Mrs. Margaret King Stanley
Her Dedication and Vision Transformed the Arts Community
Mrs. Stanley’s efforts in the arts have made San Antonio a better place to live. Today, there are young people in arts careers as diverse as dance, music and the visual arts, all inspired by Margaret.
Margaret King Stanley’s work over the past 35 years has brought the arts to San Antonio and helped to sustain it. Without her dedication and vision, San Antonio would not have enjoyed many of the world’s great artists. As a guiding force for the arts, Margaret has influenced and mentored every arts organization in the city including the San Antonio Symphony, Carver Center, Danza Hispana and Dance Umbrella.
Margaret’s first volunteer job was as a 21-year old Junior League of San Antonio Provisional, working at the Witte Museum. In 1952, she was the only member of her provisional class to work professionally. She managed to complete volunteer work on the weekends while teaching school during the week. Margaret’s career as a teacher lasted ten years and took her from the elementary grade level to Trinity University teaching classics and English literature to students only a few years younger than she.
Her second career was as a wholesale manufacturer. She and Harriet Christian began ChrisStan Clothes, designed and manufactured in San Antonio. The ChrisStan line was carried across the state in exclusive boutiques and written up in Woman’s Wear Daily. Many ChriStan styles are now part of the Witte Museum’s permanent clothing collection.
While running ChrisStan, Margaret also served as Mistress of the Robes for the Order of the Alamo in 1969. Margaret’s “Court of Time & Space” is still the only court to focus on the future. The court made such a landmark, that in 1999 the Witte Museum mounted a major retrospective showcasing more than 15 gowns owned by the museum. Margaret was the only mistress to have designed every facet of the presentation without the aid of outside consultants. She researched and wrote the script, selected the music, designed the costumes and created the onstage entertainment. She documented her experience by writing a 50-page manual to help future mistresses.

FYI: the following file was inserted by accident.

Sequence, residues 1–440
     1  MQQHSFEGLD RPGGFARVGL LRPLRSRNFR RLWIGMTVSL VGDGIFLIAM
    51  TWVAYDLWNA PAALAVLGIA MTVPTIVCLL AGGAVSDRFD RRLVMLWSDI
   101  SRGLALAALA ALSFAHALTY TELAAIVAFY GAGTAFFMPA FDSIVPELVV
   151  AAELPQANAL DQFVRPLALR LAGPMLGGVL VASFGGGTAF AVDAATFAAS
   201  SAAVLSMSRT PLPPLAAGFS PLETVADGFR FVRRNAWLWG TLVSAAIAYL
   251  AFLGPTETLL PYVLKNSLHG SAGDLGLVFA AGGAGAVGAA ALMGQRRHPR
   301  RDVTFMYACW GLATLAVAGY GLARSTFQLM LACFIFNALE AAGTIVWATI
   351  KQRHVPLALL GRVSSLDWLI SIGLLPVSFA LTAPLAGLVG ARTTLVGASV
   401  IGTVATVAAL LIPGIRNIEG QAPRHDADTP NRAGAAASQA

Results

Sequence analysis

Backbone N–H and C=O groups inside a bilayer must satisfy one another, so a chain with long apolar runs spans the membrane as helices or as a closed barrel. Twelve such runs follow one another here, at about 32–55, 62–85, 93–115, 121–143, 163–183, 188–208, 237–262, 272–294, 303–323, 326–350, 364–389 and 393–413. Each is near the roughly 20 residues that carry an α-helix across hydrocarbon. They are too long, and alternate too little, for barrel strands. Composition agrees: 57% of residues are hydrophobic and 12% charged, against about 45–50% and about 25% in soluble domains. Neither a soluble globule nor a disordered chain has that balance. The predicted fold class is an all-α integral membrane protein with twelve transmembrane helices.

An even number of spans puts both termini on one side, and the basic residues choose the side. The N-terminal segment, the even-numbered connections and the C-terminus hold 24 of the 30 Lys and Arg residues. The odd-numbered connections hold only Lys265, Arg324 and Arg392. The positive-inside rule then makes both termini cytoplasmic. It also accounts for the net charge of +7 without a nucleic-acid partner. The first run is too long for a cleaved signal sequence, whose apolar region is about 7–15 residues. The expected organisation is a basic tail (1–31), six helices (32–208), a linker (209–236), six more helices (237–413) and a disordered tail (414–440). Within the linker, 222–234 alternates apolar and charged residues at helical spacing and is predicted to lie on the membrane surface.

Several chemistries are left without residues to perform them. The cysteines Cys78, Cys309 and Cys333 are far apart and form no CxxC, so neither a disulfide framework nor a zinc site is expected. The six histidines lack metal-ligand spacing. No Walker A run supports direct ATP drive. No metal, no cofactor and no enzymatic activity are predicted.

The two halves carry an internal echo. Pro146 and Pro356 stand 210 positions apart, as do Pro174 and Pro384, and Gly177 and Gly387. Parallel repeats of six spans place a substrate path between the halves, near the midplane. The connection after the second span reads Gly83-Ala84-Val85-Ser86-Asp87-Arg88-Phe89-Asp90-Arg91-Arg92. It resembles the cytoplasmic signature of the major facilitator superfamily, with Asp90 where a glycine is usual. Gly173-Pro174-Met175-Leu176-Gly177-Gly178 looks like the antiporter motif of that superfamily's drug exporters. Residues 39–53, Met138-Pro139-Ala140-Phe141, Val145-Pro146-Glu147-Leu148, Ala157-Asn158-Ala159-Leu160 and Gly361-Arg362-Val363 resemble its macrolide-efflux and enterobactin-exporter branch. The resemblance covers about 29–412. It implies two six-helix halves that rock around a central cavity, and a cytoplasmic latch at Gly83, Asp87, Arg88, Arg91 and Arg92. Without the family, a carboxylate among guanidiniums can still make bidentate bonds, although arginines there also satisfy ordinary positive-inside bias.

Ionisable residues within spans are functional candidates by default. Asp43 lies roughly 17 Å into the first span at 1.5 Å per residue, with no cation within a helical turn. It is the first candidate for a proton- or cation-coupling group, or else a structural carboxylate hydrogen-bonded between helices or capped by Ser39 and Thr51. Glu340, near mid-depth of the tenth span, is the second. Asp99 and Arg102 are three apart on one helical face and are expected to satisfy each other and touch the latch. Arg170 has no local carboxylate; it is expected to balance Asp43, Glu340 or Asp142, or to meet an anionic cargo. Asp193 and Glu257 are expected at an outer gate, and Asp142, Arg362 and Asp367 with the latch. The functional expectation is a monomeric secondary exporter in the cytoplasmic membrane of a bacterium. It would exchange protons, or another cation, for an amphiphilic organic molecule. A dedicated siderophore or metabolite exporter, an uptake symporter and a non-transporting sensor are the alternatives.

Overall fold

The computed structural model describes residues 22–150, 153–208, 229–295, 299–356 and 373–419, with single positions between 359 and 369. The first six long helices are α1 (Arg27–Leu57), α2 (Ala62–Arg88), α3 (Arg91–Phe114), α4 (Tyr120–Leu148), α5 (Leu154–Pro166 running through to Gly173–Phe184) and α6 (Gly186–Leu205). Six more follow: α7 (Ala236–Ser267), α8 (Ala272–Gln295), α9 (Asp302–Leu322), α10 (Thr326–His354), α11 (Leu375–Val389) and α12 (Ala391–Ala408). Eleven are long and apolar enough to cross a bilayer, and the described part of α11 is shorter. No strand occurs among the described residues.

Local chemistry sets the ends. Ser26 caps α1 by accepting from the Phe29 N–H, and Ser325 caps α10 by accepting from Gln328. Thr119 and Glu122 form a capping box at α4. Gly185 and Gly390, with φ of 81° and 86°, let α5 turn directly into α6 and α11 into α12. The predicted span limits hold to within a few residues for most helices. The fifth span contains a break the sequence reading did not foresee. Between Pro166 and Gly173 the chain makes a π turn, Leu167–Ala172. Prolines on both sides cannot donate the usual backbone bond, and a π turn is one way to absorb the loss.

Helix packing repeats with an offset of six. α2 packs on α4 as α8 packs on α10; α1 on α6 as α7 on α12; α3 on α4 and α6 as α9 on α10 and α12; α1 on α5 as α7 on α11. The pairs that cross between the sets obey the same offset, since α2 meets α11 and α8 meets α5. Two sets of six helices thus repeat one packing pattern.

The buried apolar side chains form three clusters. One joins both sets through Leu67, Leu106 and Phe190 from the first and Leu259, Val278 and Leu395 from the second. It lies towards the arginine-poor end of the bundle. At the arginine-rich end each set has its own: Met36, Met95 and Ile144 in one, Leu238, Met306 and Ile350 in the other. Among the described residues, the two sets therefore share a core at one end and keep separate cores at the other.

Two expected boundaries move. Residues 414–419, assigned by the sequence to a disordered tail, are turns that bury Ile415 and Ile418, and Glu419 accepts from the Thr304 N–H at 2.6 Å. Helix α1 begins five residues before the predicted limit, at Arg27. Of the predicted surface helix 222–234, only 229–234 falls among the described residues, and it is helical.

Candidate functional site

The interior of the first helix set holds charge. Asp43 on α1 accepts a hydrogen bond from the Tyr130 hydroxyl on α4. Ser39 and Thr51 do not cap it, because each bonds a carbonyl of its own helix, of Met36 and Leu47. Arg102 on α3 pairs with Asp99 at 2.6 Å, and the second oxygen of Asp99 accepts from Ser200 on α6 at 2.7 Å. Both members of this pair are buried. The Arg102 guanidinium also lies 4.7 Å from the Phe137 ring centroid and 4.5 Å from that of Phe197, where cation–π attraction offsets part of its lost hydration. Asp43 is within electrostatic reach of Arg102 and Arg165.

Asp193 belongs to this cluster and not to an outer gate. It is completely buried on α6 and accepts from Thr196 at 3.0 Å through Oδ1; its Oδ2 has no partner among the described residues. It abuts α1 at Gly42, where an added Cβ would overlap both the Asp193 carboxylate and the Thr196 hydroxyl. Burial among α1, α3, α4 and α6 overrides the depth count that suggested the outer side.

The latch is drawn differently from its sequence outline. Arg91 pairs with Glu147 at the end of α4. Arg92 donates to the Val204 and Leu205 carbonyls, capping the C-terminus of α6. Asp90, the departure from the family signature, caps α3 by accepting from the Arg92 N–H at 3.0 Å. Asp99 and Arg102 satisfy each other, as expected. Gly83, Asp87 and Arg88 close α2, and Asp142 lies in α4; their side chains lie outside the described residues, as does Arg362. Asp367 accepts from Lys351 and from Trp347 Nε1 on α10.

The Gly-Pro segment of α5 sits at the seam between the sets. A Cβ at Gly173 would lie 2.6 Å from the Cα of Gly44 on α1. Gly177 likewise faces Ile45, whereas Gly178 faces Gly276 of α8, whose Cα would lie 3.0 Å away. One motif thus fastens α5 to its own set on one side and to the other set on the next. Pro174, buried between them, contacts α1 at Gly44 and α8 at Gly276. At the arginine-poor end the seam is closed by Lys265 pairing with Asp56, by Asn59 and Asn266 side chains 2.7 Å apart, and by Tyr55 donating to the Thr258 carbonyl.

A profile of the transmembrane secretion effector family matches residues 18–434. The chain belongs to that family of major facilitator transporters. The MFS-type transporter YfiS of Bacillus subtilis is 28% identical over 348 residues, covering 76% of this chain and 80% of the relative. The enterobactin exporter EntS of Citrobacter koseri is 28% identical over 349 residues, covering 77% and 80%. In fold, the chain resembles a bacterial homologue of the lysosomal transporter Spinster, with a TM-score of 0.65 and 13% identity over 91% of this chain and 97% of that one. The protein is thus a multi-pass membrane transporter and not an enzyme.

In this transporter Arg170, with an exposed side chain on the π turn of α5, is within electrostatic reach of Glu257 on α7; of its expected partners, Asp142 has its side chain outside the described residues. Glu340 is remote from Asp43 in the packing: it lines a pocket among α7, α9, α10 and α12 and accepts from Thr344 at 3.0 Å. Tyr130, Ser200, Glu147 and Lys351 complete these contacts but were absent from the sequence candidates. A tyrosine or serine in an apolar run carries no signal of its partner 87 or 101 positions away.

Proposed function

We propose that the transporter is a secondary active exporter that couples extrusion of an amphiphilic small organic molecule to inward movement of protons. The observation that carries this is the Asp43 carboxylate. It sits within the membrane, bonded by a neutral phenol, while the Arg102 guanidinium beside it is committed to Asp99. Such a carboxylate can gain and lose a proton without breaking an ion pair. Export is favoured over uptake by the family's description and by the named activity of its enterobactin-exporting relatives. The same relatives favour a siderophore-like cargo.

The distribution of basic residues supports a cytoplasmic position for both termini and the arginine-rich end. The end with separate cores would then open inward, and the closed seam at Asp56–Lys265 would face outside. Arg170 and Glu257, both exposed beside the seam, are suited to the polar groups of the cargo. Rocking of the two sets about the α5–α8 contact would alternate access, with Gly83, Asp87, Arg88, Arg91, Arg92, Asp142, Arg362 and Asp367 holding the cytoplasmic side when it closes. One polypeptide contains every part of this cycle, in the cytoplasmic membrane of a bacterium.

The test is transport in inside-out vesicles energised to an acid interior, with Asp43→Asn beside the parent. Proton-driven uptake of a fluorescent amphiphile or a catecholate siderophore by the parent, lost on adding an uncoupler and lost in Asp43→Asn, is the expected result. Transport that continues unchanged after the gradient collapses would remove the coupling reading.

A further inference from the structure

Margaret continued to serve as a volunteer. She sat on the Boards of the Arts Council of San Antonio (which she began under the auspices of the Junior League in 1950’s), the San Antonio Symphony (where she served a 3-year term as president of the Symphony League) and on numerous other boards.
Margaret began the symphony docent program, which sends volunteers into the schools to teach children about music. She also initiated the Paint to Music Program, which coordinates music and visual arts. Both programs continue today. She also started the annual Symphony Belles presentation. Since its founding 27 years ago, hundreds of young women have been presented as Symphony Belles. This event is still one of the Symphony’s major fundraisers, raising more than $1 million dollars since its inception.
During her Junior League years, Margaret began the Arts Council of San Antonio, of which the City of San Antonio’s Arts & Cultural office is an outgrowth. She also served as the Metropolitan Opera Auditions Chair and expanded the scope of JLSA Gallery to show the work of local and national artists, which generated a profit of over $10,000 for the JLSA. Margaret also won recognition from the association of Junior Leagues for her outstanding design and editing of the Bright Scrawl magazine.
Through her interest in the Symphony and education, she developed the Student Music Fair, which showcased children’s music-related artwork and performances. The Student Music Fair ran for three years at Trinity University and involved every school district in the city.
For 14 years, Margaret served as host for a weekly radio show on Trinity University’s KRTU-FM. The show, “On Stage with Margaret King Stanley” focused on the arts as Margaret interviewed local, national and international music, dance and visual arts celebrities, in addition to people working in the arts.